Was deadly force really needed in the killing of Stephen McKinney?

The article in the newspaper dated April 13 stated, “Police were called to 2 Searsport Way in Windham about 6:15 a.m. after getting a call from the wife of Stephen McKinney, saying her husband was suicidal.” The article goes on to say that after two Windham police officers and the sheriff’s deputy made several attempts to get McKinney to drop the gun he was carrying when he emerged from his garage, Deputy Nicholas Mangino opened fire with two shots, one of which killed McKinney.

I fully believe that any officer facing a deadly threat to themselves or others has no choice but to fire, with the aim of bringing the threat to an end.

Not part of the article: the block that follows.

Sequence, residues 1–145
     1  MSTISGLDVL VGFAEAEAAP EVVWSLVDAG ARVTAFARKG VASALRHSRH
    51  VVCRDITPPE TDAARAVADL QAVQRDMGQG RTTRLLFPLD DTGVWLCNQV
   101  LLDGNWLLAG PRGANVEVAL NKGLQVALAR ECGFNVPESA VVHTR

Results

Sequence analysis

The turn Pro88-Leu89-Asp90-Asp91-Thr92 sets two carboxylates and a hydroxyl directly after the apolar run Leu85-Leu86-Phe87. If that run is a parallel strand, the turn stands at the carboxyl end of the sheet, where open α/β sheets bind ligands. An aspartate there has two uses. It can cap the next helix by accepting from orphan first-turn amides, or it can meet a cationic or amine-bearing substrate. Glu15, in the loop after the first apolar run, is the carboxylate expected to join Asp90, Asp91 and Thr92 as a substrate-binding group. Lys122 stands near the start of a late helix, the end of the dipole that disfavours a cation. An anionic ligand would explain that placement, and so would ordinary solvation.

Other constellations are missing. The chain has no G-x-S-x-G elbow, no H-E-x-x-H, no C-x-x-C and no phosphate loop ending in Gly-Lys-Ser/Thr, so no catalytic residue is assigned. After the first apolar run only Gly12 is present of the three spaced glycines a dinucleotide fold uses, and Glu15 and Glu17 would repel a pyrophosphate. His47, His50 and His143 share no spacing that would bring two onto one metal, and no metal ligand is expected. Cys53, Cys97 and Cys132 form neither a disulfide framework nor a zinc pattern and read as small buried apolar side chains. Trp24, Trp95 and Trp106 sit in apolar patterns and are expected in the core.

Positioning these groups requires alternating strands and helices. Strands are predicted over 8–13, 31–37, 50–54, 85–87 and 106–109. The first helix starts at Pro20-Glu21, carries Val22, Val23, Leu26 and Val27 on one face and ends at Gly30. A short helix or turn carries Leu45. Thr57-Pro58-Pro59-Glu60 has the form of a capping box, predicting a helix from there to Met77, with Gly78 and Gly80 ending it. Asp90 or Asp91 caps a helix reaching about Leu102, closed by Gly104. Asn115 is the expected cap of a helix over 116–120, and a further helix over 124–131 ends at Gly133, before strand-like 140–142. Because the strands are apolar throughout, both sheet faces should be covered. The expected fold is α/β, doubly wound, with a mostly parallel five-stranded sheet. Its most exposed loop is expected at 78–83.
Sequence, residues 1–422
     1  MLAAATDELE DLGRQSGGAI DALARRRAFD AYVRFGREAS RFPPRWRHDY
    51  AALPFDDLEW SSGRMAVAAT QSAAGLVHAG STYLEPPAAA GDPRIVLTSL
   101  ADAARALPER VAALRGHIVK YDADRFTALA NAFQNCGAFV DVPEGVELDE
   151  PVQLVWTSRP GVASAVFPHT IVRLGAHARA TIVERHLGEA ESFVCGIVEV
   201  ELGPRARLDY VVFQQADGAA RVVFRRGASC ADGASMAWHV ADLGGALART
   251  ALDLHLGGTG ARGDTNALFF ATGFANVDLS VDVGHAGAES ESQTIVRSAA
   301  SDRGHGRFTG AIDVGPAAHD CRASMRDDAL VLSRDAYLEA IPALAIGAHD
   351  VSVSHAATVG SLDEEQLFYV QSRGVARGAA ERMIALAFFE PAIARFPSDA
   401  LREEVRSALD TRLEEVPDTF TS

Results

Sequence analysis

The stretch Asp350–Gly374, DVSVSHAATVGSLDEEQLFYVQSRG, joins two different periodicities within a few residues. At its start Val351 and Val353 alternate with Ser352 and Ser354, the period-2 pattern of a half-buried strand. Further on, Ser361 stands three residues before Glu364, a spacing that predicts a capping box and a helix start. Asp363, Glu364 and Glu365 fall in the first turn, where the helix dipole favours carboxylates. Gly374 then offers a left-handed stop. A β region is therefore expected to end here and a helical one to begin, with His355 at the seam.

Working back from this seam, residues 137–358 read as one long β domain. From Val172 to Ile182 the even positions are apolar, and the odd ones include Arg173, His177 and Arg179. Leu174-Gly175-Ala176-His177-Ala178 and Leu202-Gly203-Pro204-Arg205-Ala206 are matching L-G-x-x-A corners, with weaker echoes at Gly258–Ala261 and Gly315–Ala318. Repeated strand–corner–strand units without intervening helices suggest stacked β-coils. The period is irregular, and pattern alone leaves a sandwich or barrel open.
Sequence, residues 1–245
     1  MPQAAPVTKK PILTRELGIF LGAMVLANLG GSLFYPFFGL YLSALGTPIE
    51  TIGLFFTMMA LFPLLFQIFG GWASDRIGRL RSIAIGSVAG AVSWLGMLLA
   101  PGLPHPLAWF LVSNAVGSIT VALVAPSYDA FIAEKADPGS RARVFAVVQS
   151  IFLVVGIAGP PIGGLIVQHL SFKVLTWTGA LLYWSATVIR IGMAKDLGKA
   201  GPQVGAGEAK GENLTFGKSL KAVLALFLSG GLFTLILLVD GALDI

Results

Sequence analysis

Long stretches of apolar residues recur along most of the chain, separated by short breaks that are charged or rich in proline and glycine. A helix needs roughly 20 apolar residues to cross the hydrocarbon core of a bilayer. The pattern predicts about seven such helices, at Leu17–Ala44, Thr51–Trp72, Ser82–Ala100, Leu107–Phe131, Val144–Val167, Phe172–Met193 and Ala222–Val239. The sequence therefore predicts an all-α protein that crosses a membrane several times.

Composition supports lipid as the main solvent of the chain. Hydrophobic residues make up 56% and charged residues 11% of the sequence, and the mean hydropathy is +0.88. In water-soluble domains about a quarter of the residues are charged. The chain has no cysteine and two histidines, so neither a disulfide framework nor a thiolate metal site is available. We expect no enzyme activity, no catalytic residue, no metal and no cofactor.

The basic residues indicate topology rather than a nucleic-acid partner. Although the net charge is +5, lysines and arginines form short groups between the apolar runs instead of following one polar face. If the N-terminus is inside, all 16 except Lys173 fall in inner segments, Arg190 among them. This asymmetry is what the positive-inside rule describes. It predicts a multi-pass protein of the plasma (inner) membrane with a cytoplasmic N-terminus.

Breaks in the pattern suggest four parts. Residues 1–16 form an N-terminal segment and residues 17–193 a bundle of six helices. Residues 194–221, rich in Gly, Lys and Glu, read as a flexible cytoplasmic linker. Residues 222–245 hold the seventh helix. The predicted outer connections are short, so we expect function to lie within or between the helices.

I wasn’t there to witness the outcome, but from what I have read, the threat could have been resolved with non-deadly action. That is, wounding McKinney so as to remove the threat and not go for the deadly shot. Let’s examine.

McKinney’s wife had called the police advising that her husband was acting suicidal. Wouldn’t that tell the police that possibly a negotiation was in line, for McKinney wanted to die at the hands of the police. A senior officer should have been on site before any shots were fired.

I have doubts that the Maine attorney general’s office will find the shooting unjustified.

Maybe the Police Academy needs to address the pulling of the weapon, and the attorney general’s office get a second review from an outside committee.

Norman L. Mitchell Sr.Winslow

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